Trading company in oil shipment for Libya’s eastern NOC says cargo legitimate

 28 Apr 2016 - 0:00

Trading company in oil shipment for Libya’s eastern NOC says cargo legitimate
The building housing Libyan state oil energy firm the National Oil Corporation NOC is seen in Tripoli February 22, 2016. Reuters / Ismail Zitouny


BENGHAZI, Libya: A trading company involved in loading 650,000 barrels of oil for a parallel national oil corporation set up by one of Libya’s rival governments said on Wednesday it believed the shipment was legitimate and had not been notified otherwise.

The shipment on behalf of Libya’s eastern NOC was loaded onto the Indian-flagged Distya Ameya, which left the port of Marsa el-Hariga late on Monday in defiance of authorities in Tripoli.

The Tripoli NOC and its international backers say that if the eastern government succeeds in its long-held aim of selling oil independently, it would undermine a U.N.-backed unity government that arrived in Tripoli last month and put the political and economic future of Libya at risk.

Authorities in Malta said they would refuse to allow the Distya Ameya to dock there after it sailed towards the island on Tuesday, and Libya’s ambassador to the United Nations has asked the U.N. Security Council to blacklist the tanker.

DSA Consultancy, a company listed in the United Arab Emirates, said in an emailed statement that it was surprised “to find that the legitimacy of the cargo was in question”.

The company said it had “a signed and agreed contract from the NOC dated 13th October 2015 to lift oil”, and that the “ultimate beneficiary” of the contract was the Central Bank of Libya.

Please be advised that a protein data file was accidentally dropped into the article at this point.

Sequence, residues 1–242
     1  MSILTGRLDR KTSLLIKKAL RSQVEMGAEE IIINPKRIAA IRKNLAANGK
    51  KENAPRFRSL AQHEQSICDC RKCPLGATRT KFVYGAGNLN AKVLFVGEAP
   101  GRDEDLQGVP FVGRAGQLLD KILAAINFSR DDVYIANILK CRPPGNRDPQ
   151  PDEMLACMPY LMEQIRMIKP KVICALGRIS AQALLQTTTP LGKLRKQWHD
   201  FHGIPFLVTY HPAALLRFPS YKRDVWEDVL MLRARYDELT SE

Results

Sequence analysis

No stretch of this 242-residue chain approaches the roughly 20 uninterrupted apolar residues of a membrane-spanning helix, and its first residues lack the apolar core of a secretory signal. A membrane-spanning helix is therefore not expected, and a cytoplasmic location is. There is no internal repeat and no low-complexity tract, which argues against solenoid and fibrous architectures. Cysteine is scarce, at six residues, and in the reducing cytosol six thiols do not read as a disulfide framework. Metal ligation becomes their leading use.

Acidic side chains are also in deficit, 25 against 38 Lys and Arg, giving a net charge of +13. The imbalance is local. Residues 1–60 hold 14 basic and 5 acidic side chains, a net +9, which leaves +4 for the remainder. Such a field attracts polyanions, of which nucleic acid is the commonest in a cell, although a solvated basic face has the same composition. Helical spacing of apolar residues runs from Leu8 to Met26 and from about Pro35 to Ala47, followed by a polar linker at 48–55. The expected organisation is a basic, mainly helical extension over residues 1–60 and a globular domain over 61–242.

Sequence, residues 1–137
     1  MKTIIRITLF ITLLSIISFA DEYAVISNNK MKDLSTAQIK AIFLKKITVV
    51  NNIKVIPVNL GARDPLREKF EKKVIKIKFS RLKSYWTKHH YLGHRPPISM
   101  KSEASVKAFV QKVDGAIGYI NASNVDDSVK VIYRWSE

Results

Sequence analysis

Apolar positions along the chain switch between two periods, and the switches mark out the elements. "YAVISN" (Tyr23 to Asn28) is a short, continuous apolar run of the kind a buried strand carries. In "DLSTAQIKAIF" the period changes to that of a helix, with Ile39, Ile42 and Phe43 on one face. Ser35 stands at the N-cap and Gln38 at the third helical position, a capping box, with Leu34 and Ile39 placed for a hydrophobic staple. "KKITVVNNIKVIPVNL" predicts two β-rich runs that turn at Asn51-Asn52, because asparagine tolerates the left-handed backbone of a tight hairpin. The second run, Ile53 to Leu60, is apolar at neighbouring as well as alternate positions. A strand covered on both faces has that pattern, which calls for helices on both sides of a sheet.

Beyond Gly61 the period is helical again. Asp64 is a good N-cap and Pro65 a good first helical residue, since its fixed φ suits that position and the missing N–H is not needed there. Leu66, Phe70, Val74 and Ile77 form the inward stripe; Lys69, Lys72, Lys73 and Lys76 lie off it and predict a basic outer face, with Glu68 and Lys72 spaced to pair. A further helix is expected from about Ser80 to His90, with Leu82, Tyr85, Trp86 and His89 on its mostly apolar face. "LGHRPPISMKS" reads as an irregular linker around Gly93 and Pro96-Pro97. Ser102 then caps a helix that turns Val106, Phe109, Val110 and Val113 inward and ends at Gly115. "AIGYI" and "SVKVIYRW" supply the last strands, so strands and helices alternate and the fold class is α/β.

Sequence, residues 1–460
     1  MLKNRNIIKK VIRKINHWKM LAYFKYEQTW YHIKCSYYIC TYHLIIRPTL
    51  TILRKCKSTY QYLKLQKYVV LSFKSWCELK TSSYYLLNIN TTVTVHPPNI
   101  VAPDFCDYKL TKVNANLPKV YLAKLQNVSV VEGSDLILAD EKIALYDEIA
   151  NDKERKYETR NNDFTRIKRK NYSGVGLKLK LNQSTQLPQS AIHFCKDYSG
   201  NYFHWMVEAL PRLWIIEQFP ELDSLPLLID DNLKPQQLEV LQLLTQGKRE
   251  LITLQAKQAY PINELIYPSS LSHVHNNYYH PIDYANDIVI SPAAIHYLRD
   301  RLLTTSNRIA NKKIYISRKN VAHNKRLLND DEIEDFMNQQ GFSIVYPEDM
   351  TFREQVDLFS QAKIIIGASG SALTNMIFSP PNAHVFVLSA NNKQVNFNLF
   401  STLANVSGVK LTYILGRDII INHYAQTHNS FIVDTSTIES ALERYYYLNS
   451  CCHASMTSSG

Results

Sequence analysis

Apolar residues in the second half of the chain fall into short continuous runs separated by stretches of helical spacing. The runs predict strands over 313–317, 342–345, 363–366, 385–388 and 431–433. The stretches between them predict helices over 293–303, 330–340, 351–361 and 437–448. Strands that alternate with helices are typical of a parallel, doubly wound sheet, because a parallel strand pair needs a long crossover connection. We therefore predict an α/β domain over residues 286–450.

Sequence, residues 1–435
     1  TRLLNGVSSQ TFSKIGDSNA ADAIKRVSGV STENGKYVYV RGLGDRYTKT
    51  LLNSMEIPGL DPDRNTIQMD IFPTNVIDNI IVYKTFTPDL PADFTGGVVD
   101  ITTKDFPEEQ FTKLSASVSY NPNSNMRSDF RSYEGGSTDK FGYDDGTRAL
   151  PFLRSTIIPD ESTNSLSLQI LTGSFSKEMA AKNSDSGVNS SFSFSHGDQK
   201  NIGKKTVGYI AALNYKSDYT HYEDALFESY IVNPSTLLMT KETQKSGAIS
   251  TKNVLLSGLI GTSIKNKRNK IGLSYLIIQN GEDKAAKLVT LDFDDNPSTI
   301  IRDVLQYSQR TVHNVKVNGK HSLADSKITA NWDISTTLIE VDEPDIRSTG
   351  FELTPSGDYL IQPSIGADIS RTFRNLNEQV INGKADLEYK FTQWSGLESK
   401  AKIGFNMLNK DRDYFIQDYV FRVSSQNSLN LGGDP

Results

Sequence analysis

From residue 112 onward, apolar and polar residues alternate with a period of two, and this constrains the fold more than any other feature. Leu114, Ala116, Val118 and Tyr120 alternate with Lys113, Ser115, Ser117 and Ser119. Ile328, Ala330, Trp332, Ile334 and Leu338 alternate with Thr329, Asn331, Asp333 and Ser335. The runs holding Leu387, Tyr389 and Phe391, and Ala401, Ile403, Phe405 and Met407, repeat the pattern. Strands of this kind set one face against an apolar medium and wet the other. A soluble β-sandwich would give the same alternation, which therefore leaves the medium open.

“DSA always work strictly within the local and international legal frameworks, as of today DSA is not in receipt of any legal basis for challenging the cargoes legitimacy,” the statement said.

Neither DSA Consultancy nor the eastern NOC have named the end buyer of the oil shipment.

The Distya Ameya appeared to be south east of Malta when it last reported its position through the publicly available AIS tracking system on Wednesday afternoon.

The eastern NOC has issued defiant statements since it first tried to load the shipment late last week, saying it has a legal right to export oil and attacking attempts to block it from doing so.

The workers union of Arabian Gulf Oil Co (AGOCO), the eastern state oil firm that controls Hariga port, also issued a statement on Wednesday saying it supported the eastern NOC’s efforts to start selling oil.

The eastern NOC claims legitimacy from the government and parliament based in eastern Libya, which received international recognition after armed opponents took control of Tripoli in 2014 and installed rival institutions there.

The U.N.-backed unity government, which is still trying to establish its authority in Tripoli, is aimed at ending the political and armed conflict that broke out following the 2011 uprising against Muammar Gaddafi.

A U.N. Security Council resolution last month said the new unity government had the “primary responsibility” for preventing illicit oil sales, urging it to communicate any such attempts to the U.N. committee overseeing Libya-related sanctions.

In 2014, a group pressing for more autonomy in eastern Libya shipped crude from Es Sider terminal, but U.S. special forces boarded the vessel off Cyprus and forced it to return.

(Writing by Aidan Lewis; editing by Patrick Markey and David Evans)